The Four Principles of Briefing Agencies
Quote – “Give me the freedom of a tightly defined brief.” David Ogilvy
Last we delved into the topic of building agency relationships with PUNCH. Building on this, comes the great moment where we need to brief agencies. From a FAME perspective, there are four key principles that underpin effective briefing.
There’s an old saying along the lines of “preparation is the key to success” and this certainly holds true for the creative briefing process.
“Half baked” briefs inevitably lead to rework which not only wastes time and money but also saps the creative energy of our agency partners.
FAME helps from this perspective, with the overwhelming majority of briefs being based on approved Activity Detailers, developed collaboratively with our agency partners through the Strategy and Activity Plan processes.
In addition, it’s the responsibility of the briefs Owner to ensure that it gets sent through to the agency three days prior to the briefing session.
This will allow the agency time to digest the brief and raise any immediate concerns prior to the session.
The final element of preparation that merits discussion is who should attend the briefing session.
For integrated (multi- discipline) campaigns it’s generally considered best practise to jointly brief the Advertising and Media agencies at the same time – which is what the FAME brief is designed for.
In terms of personnel, we’d recommend that you request the planner and creative team that are going to work on the brief attend the session.
From our side, the briefs Owner and Sponsor should attend the briefing session as a minimum along with any other members of the team that may assist from an immersion perspective – eg. a member of Insights to discuss the Target Audience Profile.
From our side, accountability involves clearly defining roles and responsibilities on the project – namely the Owner, Sponsor and Decision Maker.
Linked to this, it’s the responsibility of the Owner to get the brief signed off by the Sponsor and most importantly the Decision Maker, prior to the session. For major campaigns, the Decision Maker is the Marketing Director (at a minimum).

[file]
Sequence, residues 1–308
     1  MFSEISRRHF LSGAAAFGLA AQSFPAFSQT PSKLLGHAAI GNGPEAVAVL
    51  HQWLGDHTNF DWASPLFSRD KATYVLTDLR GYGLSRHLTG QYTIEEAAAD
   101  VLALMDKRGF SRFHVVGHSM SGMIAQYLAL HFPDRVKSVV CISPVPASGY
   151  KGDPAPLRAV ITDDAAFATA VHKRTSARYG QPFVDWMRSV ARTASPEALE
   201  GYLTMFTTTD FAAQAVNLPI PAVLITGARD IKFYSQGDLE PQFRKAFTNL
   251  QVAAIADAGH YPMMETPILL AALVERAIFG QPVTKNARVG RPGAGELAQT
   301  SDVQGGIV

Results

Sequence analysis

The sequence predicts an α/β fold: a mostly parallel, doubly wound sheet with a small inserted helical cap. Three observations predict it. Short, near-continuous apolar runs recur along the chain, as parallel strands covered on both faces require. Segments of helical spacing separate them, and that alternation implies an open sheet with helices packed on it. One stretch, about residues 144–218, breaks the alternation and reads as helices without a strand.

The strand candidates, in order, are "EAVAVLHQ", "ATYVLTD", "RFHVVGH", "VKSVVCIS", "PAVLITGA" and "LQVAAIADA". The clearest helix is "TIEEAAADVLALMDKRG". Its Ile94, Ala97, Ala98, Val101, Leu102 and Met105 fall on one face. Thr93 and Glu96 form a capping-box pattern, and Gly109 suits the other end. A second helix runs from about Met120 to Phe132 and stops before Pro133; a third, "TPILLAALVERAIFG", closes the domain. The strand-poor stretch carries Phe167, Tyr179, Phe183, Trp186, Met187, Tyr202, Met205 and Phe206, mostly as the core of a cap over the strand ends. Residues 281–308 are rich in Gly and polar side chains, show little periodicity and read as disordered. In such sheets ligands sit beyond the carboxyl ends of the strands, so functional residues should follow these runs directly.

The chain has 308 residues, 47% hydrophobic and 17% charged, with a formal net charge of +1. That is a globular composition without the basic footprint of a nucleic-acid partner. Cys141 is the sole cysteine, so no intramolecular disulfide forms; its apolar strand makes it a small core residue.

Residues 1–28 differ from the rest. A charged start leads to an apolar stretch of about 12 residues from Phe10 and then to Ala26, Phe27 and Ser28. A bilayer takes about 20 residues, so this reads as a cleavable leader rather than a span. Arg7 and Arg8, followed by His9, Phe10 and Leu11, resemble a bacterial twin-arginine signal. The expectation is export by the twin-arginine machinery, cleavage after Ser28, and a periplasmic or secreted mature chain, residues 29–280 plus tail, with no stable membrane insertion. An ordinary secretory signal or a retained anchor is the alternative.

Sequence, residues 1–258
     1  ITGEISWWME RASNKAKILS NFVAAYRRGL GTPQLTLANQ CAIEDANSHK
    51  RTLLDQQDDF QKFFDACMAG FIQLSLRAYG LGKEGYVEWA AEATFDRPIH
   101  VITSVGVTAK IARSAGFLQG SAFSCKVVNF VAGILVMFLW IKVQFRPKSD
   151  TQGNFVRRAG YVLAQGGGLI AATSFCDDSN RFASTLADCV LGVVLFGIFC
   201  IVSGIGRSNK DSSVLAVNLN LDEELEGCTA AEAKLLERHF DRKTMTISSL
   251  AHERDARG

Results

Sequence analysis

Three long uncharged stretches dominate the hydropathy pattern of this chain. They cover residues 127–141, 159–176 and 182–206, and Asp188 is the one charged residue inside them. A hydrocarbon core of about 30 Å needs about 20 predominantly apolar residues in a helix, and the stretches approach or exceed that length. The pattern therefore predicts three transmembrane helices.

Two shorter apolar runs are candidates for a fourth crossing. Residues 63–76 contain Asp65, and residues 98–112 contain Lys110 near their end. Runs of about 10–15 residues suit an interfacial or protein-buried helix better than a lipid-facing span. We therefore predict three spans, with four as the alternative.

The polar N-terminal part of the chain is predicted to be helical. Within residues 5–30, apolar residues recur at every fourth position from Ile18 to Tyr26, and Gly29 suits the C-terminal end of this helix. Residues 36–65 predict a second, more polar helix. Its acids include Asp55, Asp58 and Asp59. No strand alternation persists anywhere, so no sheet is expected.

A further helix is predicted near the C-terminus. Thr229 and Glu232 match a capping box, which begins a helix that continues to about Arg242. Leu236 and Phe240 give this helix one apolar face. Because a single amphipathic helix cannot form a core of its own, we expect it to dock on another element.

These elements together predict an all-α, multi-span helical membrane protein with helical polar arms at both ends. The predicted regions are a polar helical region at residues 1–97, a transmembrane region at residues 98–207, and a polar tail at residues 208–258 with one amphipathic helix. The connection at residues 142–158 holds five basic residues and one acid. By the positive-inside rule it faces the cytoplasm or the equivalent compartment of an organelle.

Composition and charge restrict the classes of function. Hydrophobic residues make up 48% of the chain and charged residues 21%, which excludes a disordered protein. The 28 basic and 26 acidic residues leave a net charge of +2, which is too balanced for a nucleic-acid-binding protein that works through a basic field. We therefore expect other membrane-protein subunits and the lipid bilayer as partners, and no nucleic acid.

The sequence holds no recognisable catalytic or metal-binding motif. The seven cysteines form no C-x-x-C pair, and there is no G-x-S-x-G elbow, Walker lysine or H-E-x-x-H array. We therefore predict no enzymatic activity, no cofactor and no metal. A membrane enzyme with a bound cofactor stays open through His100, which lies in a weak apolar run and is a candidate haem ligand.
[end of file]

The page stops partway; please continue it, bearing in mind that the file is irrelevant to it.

This ensures that the expectations of person making the final decision on the creative are aligned to the team that are working on the brief. “She who signs off the idea, needs to sign off the brief.”
In addition, we also need to define the roles of our agency partners in the creative development process – in particular who will be responsible for executing different elements of the campaign once the idea is agreed.
From an agency perspective, accountability means coming prepared to discuss or challenge the brief and ensuring the appropriate members of the team attend the session.
- Full team in attendance
- Timelines are kept
- Team subscribes to high performance standards and behaviours
Not only do we need to put time and effort into writing the brief, we also need to think about how we’re going to bring it to life in an inspiring way – engaging the hearts and minds of our agency.
Creating an “experience” that immerses our agency in the key elements of the brief could include:
- Getting a member of the Insights team to bring to life the Target Audience Profile (dramatise the message)
- Asking the Media agency to talk about media consumption habits
- Running a tasting session
- Playing a history reel or creating a “war room”
- Staging the session at a location relevant to the brief (mood, atmosphere, sounds)
- Inviting relevant experts or even consumers
- Wow your team members with the ‘invite’ and homework
- Have a dress rehearsal
The following are some examples of how brand teams have added richness to their briefs in the past:
In an attempt to immerse their agency partners (advertising, promotional & media) in the heritage and “substance” of the brand, the VB brand team staged their latest activation briefing at the old Victoria Breweries site. In addition, they invited Trevor Ahoy (long standing Fosters CEO) and head brewer John Cousins to take part in a Q&A session about the brands history.